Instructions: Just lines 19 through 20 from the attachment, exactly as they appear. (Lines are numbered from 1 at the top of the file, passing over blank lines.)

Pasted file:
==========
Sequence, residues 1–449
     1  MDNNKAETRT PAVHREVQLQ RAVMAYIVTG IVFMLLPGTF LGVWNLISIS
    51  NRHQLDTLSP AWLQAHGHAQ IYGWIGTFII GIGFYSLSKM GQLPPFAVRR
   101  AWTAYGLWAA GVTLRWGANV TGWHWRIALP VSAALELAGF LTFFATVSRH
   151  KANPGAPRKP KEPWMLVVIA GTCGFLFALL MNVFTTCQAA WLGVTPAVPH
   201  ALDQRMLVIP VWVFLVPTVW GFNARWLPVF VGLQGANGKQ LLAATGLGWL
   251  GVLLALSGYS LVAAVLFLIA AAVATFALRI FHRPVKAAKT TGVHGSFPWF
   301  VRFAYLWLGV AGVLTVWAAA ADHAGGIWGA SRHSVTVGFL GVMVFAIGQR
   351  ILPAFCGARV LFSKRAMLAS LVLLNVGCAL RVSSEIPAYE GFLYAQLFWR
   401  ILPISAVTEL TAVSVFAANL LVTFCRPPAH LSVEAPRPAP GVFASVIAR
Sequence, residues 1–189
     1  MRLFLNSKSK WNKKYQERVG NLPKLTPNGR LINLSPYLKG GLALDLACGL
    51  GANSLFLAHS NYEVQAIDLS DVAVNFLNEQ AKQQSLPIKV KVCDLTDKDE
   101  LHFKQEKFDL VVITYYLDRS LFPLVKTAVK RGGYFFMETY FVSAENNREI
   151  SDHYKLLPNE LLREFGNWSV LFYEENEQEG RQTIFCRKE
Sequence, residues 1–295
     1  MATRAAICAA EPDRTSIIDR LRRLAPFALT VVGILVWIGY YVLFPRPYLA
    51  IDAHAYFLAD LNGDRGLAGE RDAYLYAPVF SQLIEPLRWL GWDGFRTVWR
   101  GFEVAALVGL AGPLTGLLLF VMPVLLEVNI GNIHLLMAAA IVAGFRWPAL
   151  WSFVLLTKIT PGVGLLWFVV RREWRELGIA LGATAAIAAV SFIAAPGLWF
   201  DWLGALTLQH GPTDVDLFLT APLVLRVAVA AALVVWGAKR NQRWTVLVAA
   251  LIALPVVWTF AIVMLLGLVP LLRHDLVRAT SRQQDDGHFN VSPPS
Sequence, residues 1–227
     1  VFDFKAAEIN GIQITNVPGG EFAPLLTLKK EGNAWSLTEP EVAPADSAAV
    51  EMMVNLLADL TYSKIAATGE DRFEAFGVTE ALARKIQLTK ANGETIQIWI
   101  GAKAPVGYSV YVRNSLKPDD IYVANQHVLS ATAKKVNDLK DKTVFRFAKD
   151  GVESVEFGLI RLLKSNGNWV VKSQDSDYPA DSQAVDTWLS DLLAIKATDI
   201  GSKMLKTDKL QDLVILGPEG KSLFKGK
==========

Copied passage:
   101  GFEVAALVGL AGPLTGLLLF VMPVLLEVNI GNIHLLMAAA IVAGFRWPAL
   151  WSFVLLTKIT PGVGLLWFVV RREWRELGIA LGATAAIAAV SFIAAPGLWF